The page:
On March 28, Todd Silva ran for 24 hours.
Here’s some perspective: The 1990 Martha’s Vineyard Regional High School grad was running when we went to bed, still running when we got up, worked and came home, and he was still running while we watched Desperate Housewives.
When Mr. Silva finished running, he’d completed his first 100-mile ultra-marathon, in 23 hours, and 53 minutes, in Richland, Washington. Only 41 of the original 76 starters finished the mountainous course. Mr. Silva lives with his wife, Shelby, and daughters Makena (9) and Shay (7) on Orcas Island, off the Washington coast, which he describes as Martha’s Vineyard on the Left Coast. His third daughter, Lauren, 24, lives on Martha’s Vineyard.
His feat might be difficult for us mortals to get our minds around, but the thoughtful 42-year old father of three, a construction industry consultant, sees it as another example of his core belief that anything is possible if we commit to it.
“I choose to run, but whatever you choose to do from running or painting, whatever — you can do it despite the obstacles,” he said. “I hear people say they couldn’t run three miles. Then don’t. Run a quarter-mile. An accomplishment is an accomplishment. Just do things over and over. It’s the same process, no matter what you do. I’m slower than just about everybody. A 59-year old lady passed me during the ultra-marathon, and she finished about an hour and a half in front of me. There is always someone better and faster. I’m not competing against others.”
The University of Vermont grad uses his career skills — designing and planning the construction flow of huge building projects — to plan long-distance runs. “There may be as many as 10,000 processes involved in building a $400 million hospital and it’s important to know their inter-relationships and dependencies so the construction goals are accomplished,” he said in a phone conversation last week.
Mr. Silva began running seriously in 2007, working up from half-marathons to marathons and ironman competitions to 50-milers, and ultimately to the 100-mile run last month. Mr. Silva time-qualified for the sold-out 2014 Boston Marathon. “It would have been great to run it the year after the tragedy, but I’ll run it next year,” he said.
Mr. Silva relies on a coach and has learned through painful experience to train his body to use its fuel efficiently over a long period of time. “I felt good in a Boston Marathon qualifier a couple years ago, so I increased speed and ultimately ran out of gas,” he said.
Runners talk about “hitting the wall” — when body, mind and spirit combine to say “no mas.” Mr. Silva’s dark night of the soul actually occurred at night during the ultramarathon last month, on a mountain road in a fog so thick he used a GPS device to stay on course.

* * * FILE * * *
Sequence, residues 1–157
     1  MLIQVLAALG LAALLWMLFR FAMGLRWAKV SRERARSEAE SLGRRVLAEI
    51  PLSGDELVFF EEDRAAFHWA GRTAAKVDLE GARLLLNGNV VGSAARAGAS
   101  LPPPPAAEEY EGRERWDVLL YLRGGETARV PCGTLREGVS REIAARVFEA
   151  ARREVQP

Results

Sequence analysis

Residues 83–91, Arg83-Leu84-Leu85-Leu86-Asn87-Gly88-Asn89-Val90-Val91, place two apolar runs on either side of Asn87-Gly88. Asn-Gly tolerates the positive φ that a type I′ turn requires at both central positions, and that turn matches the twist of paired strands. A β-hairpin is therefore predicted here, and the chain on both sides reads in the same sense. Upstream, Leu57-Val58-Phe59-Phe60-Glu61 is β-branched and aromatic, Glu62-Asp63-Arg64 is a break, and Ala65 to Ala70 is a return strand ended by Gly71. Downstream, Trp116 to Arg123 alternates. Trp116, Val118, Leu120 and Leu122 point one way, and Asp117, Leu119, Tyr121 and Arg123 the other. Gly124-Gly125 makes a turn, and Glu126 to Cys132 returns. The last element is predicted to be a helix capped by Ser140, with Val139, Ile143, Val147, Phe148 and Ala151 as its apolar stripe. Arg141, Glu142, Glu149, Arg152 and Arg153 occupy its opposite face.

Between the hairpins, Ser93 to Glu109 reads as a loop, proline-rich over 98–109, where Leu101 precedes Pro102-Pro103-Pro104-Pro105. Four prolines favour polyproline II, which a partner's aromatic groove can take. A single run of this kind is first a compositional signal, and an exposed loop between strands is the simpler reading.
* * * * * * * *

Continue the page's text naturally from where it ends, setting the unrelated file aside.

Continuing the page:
“I thought, ‘How can I do this? I’m not even close to halfway. I still have 65 miles to go,’” Mr. Silva recalled. He has spent some time thinking about that night and the circumstances that saved his dream. First, he relied on commitment and the discipline of doing the same training process over and over, even when he didn’t want to.
The second circumstance was human interaction. “I called Shelby, and we talked for a few minutes,” he said. “I didn’t tell her how bad I felt, but she knew. She knows me. That helped. A few miles further on, walking at this point, I met an older guy, 65 or so. I asked him if it was normal to feel this way. He said it was, and he was still running so I started running. I met another guy and just asked if I could run with him. Now that I think about it, people showed up when I needed help the most. The running community is wonderful that way.
“Then, at some point past the halfway mark, I began to feel good. My legs were loose and I could run more easily. I couldn’t believe it. The only conclusion I’ve come to is that when I started the second half, I was committed — though it felt like that invading force burning its ships after it landed. You are all in, and a part of your mind turns itself to ways to succeed rather than looking for a reason not to continue.
“Really, the same questions get asked so many times during a lifetime. Do I quit? Or do I push on? I’m just getting practice at pushing on.”
Back home in Chilmark, mom Lynne Silva brims with pride. She’s happy that he achieved his goal and happier still with the way he achieves. “Todd’s been able to create a balance in his life between family, work, and his passion for running,” she said.